The first night of POP Montreal kicked off with a spectacular evening at Il Motore on Wednesday, Sept. 25. With both the opening band Radiation City, and main act Typhoon hailing from Portland, Ore., there was an undeniably homey feel to the night.
Il Motore has but a few sparsely spaced chairs, which were occupied by avid fans as early as 8 o’clock. The night started off slowly with a steady stream of people constantly finding their way inside. However, by the time Radiation City had played a few songs, the venue was packed. Cameron Spies, Elisabeth Ellison, Randy Bemrose, Matt Rafferty and Patti King brought the audience to their feet, drawing them in with Ellison’s dreamy, female vocals. The band enraptured the audience and kept their undivided attention for the full hour they were on stage. They blurred the lines between alternative and folk, with their soothing yet emotion packed songs. After several songs, they sought validation from the crowd, asking if “it’s OK” that they play a few more songs. The audience members replied with a positive uproar and the band dove into the first single off their latest album Animals in the Median.
Radiation City is the type of band you want to take your time with, savouring every note. In fact, their catchy but soft setlist set the tone for an intimate and welcoming evening.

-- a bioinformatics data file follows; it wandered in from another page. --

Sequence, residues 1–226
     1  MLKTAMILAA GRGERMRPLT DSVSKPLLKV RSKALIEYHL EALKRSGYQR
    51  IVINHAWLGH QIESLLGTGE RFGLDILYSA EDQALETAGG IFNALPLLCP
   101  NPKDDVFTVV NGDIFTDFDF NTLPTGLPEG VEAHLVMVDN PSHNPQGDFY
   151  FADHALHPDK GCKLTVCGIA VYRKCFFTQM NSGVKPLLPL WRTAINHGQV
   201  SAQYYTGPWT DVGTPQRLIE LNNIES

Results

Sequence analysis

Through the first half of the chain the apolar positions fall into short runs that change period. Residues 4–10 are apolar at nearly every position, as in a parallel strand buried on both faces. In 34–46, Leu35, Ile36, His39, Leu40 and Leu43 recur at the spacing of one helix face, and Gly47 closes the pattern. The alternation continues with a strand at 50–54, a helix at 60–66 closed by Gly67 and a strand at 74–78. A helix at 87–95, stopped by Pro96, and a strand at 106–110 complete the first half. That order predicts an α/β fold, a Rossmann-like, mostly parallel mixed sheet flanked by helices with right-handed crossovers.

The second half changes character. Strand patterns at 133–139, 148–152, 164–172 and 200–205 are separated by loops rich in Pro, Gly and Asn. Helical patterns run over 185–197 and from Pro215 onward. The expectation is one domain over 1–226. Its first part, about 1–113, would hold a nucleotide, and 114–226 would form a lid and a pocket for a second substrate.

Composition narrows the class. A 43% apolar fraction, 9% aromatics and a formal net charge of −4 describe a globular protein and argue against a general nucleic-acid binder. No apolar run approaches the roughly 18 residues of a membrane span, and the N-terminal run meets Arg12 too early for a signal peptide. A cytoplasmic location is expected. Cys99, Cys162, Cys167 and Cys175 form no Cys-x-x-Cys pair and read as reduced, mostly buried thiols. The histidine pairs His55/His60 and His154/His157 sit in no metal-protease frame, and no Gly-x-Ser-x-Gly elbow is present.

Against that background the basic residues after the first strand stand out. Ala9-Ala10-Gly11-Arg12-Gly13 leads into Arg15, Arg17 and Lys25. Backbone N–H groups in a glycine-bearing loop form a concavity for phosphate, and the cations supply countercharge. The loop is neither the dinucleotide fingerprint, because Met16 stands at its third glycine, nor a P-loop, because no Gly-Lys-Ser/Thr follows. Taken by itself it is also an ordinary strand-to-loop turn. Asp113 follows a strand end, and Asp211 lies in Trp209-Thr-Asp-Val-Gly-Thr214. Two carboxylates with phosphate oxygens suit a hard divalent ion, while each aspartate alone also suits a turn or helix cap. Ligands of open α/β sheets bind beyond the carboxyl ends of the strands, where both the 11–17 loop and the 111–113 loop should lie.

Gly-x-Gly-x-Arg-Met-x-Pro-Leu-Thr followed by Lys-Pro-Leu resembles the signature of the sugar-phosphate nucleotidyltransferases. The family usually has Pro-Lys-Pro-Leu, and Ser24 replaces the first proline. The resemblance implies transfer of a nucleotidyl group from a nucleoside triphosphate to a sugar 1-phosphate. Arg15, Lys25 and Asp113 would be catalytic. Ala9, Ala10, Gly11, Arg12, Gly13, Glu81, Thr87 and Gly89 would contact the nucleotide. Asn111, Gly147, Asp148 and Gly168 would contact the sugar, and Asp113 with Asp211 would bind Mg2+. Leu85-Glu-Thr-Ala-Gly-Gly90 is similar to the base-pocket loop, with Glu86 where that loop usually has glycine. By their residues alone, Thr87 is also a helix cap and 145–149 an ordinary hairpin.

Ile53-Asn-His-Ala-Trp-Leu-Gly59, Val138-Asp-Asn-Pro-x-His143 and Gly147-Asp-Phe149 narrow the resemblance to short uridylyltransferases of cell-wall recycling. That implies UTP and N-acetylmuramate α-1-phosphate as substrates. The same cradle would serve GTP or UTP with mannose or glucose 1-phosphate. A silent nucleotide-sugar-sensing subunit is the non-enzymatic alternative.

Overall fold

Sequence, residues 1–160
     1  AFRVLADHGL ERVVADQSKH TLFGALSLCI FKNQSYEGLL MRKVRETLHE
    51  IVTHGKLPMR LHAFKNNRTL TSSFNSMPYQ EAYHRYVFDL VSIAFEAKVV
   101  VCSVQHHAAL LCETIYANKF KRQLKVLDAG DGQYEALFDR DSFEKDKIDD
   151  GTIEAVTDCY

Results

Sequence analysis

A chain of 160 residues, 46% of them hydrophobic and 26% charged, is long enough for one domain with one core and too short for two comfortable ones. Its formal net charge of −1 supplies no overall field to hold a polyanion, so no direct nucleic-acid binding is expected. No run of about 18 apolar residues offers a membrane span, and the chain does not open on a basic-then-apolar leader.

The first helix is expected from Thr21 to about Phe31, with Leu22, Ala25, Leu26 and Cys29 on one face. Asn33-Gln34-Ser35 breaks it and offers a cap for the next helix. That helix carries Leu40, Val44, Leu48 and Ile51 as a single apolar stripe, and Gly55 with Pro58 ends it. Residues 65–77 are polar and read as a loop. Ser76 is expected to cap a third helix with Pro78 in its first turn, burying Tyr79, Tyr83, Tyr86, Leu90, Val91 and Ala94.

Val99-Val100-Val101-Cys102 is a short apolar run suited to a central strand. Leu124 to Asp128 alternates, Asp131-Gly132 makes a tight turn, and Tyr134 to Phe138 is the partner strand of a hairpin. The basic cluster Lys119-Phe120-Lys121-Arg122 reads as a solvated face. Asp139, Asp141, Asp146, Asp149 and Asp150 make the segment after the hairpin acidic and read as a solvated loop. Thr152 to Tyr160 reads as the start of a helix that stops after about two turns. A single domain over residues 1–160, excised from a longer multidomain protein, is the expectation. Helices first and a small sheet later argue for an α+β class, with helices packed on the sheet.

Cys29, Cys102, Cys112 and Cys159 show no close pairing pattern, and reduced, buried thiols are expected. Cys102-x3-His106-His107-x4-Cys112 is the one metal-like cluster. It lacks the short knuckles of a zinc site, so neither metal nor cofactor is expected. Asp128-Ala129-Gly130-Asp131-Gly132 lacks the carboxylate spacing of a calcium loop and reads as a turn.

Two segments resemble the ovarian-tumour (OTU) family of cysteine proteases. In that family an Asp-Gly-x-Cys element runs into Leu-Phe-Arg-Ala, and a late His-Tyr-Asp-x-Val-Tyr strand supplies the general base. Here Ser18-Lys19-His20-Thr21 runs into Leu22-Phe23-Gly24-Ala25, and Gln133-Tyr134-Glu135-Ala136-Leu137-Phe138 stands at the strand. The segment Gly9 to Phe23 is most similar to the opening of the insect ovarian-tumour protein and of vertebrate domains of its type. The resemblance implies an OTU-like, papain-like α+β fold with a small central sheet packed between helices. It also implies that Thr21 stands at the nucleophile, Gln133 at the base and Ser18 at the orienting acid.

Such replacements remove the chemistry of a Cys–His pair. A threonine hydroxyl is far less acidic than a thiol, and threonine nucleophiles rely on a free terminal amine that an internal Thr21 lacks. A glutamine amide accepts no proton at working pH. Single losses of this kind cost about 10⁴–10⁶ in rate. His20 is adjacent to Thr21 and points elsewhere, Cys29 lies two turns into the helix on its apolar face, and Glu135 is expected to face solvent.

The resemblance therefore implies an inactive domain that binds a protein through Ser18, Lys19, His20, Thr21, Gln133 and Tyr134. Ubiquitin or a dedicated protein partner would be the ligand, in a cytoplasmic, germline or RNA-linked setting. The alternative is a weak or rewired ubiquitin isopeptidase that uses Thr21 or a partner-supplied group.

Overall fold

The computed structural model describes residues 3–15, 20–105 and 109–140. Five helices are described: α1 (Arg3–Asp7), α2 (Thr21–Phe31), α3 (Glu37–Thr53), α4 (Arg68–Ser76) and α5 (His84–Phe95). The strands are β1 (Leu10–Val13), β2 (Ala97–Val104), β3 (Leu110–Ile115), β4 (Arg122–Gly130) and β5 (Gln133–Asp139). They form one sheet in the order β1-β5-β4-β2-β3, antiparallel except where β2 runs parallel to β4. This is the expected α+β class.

They ended their set on a high note, that was full of emotion and sincerity proving that they could easily have entertained the audience for another hour.
Technical difficulties plagued Typhoon’s entrance onto the scene, which caused a 10-minute delay. They emerged onto the stage as an impressive orchestral collective of 11 members and more than made up for the technical blips with their opening song. Three trumpets blaring, a multitude of guitars and bass as well as two drummers made for a roaring introduction to the band. With a name like Typhoon, the band was exactly what you would expect. In fact, the size of the stage at Il Motore made it difficult to accommodate all 11 members. The two drummers found themselves off the stage facing each other, which only added to the intimate vibe of the evening. Lead singer Kyle Morton cracked jokes between songs creating a dialogue between the audience and the performers. Notably pondering why Canadians had collectively voted to nickname the dollar coin the looney. Laughter from the audience was met with a “I’m just kidding, don’t answer that” and a roaring segue into the next song. Scratchy yet soothing vocals weaved their way through each song with undeniable rhythm and style.
With some minor technical problems along the way—notably some painful amp feedback—Morton dove into the aptly named “Morton’s Fork,” a violin-infused track accompanied by one member playing theirs like a ukelele. The singer belted out the lyrics with a soft and at times broken voice that allowed audience members to immerse themselves in the symphonic nature of the set.